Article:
File photo of US Presidential candidate Joe Biden | Michael Robertson/Twitter
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The US is at a crossroads. The 2020 Presidential election is both critical and momentous for the country. The choice that American voters make will certainly have global implications.

This election has also triggered popular interest in India. The one question that is doing the rounds is — Trump or Biden, who is better for India?

While the raging pandemic may cause a delay in the results following the Election Day on 3 November, pundits are busy debating the question. Economically, strategically and socially, the relationship with the US matters to India more than any other bilateral engagement.

‘Will always be America First’

To begin with, we have to remind ourself of British Prime Minister Henry John Temple’s dictum from 1848, “We have no eternal allies, and we have no perpetual enemies. Our interests are eternal and perpetual, and those interests it is our duty to follow.”

However egregious President Donald Trump may appear and appealing Democrat candidate Joe Biden may seem in contrast, every US President will always swear by “America First”. If Biden’s long stint as Delaware Senator is anything to go by, his conduct will solely be guided by national interest. It’s upto India how it makes itself economically and strategically stronger and internally more cohesive to maintain and enhance its weight compared to the US.

The US relationship is the most important of India’s bilateral ties, having grown in recent years owing to China’s belligerence. The ‘China conundrum’ is here to stay and Biden is unlikely to reverse Trump’s policy of being ‘tough’ on China, defying popular sentiments.

Through ups and downs, the Indo-US bilateral relationship has blossomed over the years. In 2020, it is the frightening prospect of a powerful, assertive and hegemonic China that has further brought New Delhi and Washington closer.

Republican and Democrat presidents have been amenable to India

US Presidents can often make a real difference to bilateral ties, including trade, immigration policies, and larger strategic issues. Presidents, across the partisan divide, have engaged India with passion and vigour. There have been Democratic and Republican Presidents who have viewed India as a partner, and those who have taken a less favourable view of India.

There have been Democrats like John F. Kennedy and Barack Obama who invested in improving ties with India. There were also Democrats like Bill Clinton when ties took a plunge in his first term (1993-1997). While his second term saw much improvement and damage control, it only proves the fact that international relations are transactional.

While Richard Nixon, a Republican was particularly antagonistic towards India, George W. Bush signed the India-US Civil Nuclear Deal and was loved in India, prompting Forbes to call him: “The Best American President India’s ever had”. The Trump administration has been friendly, barring a few trivial disagreements over trade and Biden is also not expected to usher in any radical shift in policy.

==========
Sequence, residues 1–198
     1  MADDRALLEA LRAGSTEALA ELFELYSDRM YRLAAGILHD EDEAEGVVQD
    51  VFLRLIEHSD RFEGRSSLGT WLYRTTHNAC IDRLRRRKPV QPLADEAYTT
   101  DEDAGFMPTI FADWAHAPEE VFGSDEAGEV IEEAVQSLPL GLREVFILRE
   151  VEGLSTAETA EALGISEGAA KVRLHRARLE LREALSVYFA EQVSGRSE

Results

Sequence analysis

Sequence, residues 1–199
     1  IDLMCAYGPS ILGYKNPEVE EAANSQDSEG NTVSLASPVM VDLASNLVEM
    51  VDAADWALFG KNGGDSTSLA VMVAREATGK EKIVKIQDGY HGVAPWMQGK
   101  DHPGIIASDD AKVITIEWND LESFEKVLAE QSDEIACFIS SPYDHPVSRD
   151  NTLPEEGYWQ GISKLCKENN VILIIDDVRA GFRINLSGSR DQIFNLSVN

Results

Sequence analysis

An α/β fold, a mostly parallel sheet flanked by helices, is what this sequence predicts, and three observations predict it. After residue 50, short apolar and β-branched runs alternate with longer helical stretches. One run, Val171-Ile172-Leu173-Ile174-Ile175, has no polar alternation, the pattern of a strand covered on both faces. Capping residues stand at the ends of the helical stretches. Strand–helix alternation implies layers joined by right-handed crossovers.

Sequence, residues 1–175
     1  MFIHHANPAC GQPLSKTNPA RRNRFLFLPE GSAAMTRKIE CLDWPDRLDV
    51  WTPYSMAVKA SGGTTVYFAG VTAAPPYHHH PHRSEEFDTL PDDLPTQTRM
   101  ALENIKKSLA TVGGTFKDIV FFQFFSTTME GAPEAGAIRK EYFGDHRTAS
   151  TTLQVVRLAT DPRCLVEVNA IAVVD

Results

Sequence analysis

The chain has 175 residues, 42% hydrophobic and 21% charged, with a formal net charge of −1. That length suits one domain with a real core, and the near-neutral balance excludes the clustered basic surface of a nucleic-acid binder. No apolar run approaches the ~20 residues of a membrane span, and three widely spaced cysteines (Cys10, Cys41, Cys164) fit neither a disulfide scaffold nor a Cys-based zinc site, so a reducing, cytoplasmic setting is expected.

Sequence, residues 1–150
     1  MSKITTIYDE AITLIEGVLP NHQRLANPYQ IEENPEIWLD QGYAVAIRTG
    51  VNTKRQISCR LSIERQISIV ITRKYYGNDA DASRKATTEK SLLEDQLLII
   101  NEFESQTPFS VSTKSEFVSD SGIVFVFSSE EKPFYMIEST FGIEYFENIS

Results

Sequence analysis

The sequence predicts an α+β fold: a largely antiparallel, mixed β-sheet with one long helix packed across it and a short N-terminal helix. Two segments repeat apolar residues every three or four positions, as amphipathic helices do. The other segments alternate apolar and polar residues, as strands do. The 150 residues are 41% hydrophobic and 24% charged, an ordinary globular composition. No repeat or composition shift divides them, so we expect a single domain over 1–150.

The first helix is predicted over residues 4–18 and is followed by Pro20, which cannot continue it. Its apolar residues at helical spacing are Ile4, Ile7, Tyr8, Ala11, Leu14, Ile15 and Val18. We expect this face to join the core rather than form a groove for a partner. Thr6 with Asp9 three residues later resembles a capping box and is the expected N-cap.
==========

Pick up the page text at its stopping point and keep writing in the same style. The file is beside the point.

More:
According to UBS Global Research, Biden’s win in both Houses of Congress will mean ‘potentially more favourable US trade policies’ for India, boosting investors’ sentiment and pushing up markets. A Biden victory may also replace the Federal Reserve’s current chair Jerome Powell with someone more dovish in 2022.

If Trump wins, they predict that an unorthodox chairman could be nominated who might even look at negative rates, resulting in continued inflow of cheap capital into Indian stock as well as debt markets.

World’s good is India’s good

What the financial analysis overlooks is the Democratic commitment to human rights, religious freedom and minority opportunities that successive Indian governments have found irksome.

Biden’s comments regarding ‘restoration of people’s rights in Kashmir’, NRC in Assam and CAA caused a kerfuffle in India. While these are not traditional Republican concerns, Trump’s harsh rhetoric on immigration and reduction in visa issuance will be interesting, considering the Indian diaspora in the US is one of the most successful expatriate communities.

Though it may seem that the damage done to American democratic institutions, the consequences of Trump’s eccentricities on multilateralism, climate change, Middle East, the Covid-19 pandemic or unapologetic racism in the US make little difference to us, it’s not true.

Stability, not craziness at the helm is in global interest, regardless of nationality or ethnic origin. Indians must not look at the election only in terms of what matters to India, but what is good for the larger world. A more chaotic, irresponsible, insular and inward-looking America under Donald Trump will vacate space for China and embolden ambitious, irredentist mid-size powers, which could potentially descend the world into further turmoil.

Rajarshi Nath is a student of Indian Institute of Social Welfare & Business Management, Kolkata

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